Heart and soul music from Stacia Thiel
Sunday, April 14, 2-4 p.m.
Photography exhibit by
With Stacie Thiel
To benefit SAVE of Essex County
$10 in advance, $15 at door
Tickets at tinyurl.com/y4erbalq
Artist info at staciathiel.com
Montclair Women’s Club, 82 Union St.
By GWEN OREL
A couple on the street were arguing loudly. Stacia (pronounced Stay-sha) Thiel wondered what they were saying.
She thought about how people were vulnerable when they were hurt.
She turned it into a song.
Thiel released her debut album. “Straight to the Middle,” which takes its title from that song, at the Montclair Social Club on Wednesday, March 27.
This Sunday, April 14, she will play at an event called “Empower,” a fundraiser for SAVE of Essex County, a sexual and family violence intervention and prevention center. SAVE is a program of FSL, Family Service League.
April is sexual assault awareness month.
While many artists play at fundraisers for worthy causes, Thiel is unusual: she’s a clinician at Family Service League. She sees women who are victims of sexual assault.
She has a master’s in social work as well as in opera.
She does not write songs specifically about people she talks to, but her social worker’s brain is always on, she said.
Another song, “Turned Up Collar,” was inspired by the way men on the field in a football game had their collars turned up. She thought about the visual message that sent, and about players assaulting women.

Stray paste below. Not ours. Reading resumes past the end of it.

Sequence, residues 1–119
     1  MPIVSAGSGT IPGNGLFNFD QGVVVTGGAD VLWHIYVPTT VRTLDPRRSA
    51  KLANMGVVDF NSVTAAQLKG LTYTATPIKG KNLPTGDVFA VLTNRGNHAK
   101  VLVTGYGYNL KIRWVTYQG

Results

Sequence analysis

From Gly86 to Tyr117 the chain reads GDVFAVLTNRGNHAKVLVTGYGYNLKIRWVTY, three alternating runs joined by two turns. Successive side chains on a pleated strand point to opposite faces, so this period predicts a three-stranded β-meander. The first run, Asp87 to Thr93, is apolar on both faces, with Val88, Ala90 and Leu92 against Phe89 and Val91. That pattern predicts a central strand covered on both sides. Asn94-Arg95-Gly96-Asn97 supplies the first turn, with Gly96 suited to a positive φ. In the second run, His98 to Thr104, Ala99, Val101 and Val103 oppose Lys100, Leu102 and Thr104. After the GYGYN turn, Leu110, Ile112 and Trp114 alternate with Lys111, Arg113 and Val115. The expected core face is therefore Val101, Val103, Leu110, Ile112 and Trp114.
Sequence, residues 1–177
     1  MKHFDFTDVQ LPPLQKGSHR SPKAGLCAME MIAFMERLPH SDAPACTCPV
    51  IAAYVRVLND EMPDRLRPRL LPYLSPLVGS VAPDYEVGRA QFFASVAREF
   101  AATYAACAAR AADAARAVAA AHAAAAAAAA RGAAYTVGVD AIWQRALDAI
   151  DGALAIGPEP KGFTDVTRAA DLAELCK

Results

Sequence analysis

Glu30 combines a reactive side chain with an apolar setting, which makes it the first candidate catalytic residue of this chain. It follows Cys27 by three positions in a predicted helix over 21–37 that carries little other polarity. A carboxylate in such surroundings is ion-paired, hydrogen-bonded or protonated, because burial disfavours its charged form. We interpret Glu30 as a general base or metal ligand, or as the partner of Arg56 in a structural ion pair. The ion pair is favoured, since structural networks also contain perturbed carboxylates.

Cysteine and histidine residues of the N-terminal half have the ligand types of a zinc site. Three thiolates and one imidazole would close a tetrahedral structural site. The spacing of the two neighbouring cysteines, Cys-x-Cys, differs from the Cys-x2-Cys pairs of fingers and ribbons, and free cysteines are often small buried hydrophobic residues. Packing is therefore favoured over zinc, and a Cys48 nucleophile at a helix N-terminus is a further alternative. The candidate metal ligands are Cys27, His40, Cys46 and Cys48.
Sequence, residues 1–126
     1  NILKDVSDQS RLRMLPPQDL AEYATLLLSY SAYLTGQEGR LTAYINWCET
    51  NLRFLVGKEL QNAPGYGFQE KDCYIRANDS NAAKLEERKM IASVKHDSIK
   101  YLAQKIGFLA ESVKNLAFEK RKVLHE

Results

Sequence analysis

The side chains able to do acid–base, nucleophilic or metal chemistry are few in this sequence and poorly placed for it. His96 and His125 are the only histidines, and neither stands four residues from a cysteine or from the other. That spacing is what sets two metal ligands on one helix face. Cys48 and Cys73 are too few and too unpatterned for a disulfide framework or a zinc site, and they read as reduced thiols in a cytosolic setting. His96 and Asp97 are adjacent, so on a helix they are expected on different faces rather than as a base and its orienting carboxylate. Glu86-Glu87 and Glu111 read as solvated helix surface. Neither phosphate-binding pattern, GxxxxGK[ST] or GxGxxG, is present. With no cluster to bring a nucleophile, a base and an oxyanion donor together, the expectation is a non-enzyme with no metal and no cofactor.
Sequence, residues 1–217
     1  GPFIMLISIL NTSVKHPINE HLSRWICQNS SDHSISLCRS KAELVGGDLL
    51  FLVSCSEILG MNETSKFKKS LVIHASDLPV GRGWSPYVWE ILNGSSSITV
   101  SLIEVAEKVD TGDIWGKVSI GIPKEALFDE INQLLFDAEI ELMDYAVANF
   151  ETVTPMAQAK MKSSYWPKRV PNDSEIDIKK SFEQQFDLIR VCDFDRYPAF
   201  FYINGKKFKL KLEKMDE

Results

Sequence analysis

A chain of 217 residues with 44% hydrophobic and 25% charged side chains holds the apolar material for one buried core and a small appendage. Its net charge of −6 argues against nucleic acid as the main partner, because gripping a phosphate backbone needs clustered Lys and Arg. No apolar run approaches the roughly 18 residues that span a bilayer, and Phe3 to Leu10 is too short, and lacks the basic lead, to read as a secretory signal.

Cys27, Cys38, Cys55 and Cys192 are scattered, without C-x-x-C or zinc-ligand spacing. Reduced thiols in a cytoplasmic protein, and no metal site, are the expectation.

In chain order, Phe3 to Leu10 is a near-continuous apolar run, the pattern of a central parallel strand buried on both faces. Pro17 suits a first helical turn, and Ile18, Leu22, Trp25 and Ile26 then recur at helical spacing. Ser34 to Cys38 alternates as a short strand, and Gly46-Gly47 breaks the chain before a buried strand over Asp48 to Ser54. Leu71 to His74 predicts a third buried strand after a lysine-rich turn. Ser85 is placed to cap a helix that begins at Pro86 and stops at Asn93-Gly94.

“I made up what it would be like to be one of those women,” she said.
The album is about Thiel observing and analyzing the world around her.
SAVE of Essex County in Montclair has a 24-hour hotline, helps get victims to the hospital or police station, and offers therapy and support, as well.
Sunday’s event includes a photography exhibit by Celestina Ando.
“I love that I can use my art to support something I feel so passionate about,” Thiel said. The event is about “finding power within yourself,” she said. However, her day job and her art are separate in her mind: “Music for me is a personal endeavor. My job as a social worker is all about others, focusing on their needs. Music allows me to get back in touch with myself.”
With two children and a busy life, Thiel finds her songwriting room to be her Montclair kitchen table late at night. “I open up the screen doors, let the breeze come in, and write until 1 in the morning,” she said.
Her publishing company is called Kitchen Table Songs.
Montclair’s Scott E. Moore heard a couple of her songs and ended up producing her record. He will also play guitar to support her on Sunday.
Thiel was always going to be in music in some way: her parents met studying music in college. She got her first guitar at age 16, and immediately began writing songs, influenced by Joni Mitchell, and music of the ’60s that her father loved. Artists who inspire her today include Aimee Mann and Gillian Welch.
She is a coloratura soprano, and still performs opera and classical music. And, she said, she has been playing in different bands her whole life. That duality, a Mozart opera one weekend and writing songs the next, is something she loves.
“Straight to the Middle” is her first album, “It’s a really big thing for me,” she said. “I’ve felt so supported.”
She has received some radio play, and intends to play more concerts. And she has songs ready for her next album.
Though singer-songwriter acoustic music doesn’t have the popularity it had during the Joni Mitchell and Joan Baez era, she is not discouraged. “I think people are really craving it, craving connection through music,” she said.
And she hopes her somewhat-deferred debut CD at age 47 will inspire others.
“I want to inspire people that you are never too old. I really believe that,” she said. “You are never too old to go after what you want.”